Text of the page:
David again incorporated worship and also included sacrifices.
26 And so it was, when God helped the Levites who bore the ark of the covenant of the LORD, that they offered seven bulls and seven rams. 27 David was clothed with a robe of fine linen, as were all the Levites who bore the ark, the singers, and Chenaniah the music master with the singers. David also wore a linen ephod. 1 Chronicles 15:26-27 (NKJV)
What is instructive in this passage is the meaning of the seven bulls and seven rams. As a number in scripture seven usually represents completeness, for example seven days complete a week. The other significance is the bulls were a sin offering and the rams a trespass offering (see Lev. Chapters 4-5). David realized he had sinned and trespassed against Yahweh in his presumption and enthusiasm.
The next step in the process is very important. Many believe Psalm 24 was sung when David brought the Ark into Jerusalem. It is below in its entirety.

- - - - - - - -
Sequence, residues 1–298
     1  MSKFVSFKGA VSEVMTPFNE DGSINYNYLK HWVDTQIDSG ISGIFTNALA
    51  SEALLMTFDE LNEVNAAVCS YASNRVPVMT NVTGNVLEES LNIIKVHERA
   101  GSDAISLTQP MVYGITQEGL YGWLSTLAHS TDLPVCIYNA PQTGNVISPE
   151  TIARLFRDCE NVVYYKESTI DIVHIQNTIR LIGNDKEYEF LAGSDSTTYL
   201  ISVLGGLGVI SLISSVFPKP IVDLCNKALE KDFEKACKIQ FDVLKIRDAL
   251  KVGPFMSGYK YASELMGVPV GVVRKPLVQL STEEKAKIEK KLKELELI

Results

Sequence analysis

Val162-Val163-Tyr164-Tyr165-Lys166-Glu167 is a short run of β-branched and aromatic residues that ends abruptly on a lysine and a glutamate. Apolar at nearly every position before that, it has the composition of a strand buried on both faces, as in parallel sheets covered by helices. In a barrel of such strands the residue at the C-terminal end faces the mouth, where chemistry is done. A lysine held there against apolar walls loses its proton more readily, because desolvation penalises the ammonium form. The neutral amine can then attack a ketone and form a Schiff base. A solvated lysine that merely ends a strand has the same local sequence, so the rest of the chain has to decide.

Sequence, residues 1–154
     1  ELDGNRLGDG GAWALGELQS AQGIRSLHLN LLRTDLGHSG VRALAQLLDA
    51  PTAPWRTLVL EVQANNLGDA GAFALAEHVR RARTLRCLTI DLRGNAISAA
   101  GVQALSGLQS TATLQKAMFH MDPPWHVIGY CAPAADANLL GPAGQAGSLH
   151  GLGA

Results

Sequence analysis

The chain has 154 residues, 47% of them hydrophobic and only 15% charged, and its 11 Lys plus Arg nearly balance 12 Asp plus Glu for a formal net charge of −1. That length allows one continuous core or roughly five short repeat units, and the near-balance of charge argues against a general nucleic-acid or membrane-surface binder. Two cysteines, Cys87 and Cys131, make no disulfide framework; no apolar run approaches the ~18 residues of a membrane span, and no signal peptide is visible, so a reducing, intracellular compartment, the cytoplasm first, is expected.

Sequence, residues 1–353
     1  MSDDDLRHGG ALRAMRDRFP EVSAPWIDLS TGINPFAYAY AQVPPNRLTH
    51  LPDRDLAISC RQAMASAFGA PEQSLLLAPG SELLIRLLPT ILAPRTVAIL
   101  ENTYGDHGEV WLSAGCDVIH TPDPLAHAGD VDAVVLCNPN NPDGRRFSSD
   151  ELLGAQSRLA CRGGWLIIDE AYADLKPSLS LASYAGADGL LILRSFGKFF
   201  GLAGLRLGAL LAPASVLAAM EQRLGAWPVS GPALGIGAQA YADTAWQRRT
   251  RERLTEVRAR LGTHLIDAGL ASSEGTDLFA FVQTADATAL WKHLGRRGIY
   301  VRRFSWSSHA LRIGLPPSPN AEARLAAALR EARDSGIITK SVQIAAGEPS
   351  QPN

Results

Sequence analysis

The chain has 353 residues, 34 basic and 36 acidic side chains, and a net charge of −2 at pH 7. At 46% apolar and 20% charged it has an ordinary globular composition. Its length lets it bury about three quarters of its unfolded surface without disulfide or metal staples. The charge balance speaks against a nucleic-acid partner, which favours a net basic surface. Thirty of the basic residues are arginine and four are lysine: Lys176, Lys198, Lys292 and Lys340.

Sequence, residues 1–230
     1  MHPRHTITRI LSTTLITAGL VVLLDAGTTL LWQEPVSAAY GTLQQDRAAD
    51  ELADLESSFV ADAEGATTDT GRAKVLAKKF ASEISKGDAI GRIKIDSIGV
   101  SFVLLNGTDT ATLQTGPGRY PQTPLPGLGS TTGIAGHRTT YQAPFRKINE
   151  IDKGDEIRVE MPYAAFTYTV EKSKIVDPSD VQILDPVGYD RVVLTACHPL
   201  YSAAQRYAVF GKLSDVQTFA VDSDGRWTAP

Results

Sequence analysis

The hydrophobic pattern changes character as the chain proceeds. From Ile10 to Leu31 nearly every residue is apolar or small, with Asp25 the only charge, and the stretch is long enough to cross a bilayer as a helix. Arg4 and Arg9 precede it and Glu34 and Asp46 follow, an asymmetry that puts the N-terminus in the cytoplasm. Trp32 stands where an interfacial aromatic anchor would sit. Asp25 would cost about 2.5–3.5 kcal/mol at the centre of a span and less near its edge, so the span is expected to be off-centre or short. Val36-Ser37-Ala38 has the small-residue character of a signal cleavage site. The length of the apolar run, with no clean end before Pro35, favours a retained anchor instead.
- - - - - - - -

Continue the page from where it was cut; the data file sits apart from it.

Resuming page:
1 A Psalm of David. The earth is the LORD’S, and all its fullness, The world and those who dwell therein. 2 For He has founded it upon the seas, And established it upon the waters. 3 Who may ascend into the hill of the LORD? Or who may stand in His holy place? 4 He who has clean hands and a pure heart, Who has not lifted up his soul to an idol, Nor sworn deceitfully. 5 He shall receive blessing from the LORD, And righteousness from the God of his salvation. 6 This is Jacob, the generation of those who seek Him, Who seek Your face. Selah 7 Lift up your heads, O you gates! And be lifted up, you everlasting doors! And the King of glory shall come in. 8 Who is this King of glory? The LORD strong and mighty, The LORD mighty in battle. 9 Lift up your heads, O you gates! Lift up, you everlasting doors! And the King of glory shall come in. 10 Who is this King of glory? The LORD of hosts, He is the King of glory. Selah Psalm 24:1-10 (NKJV)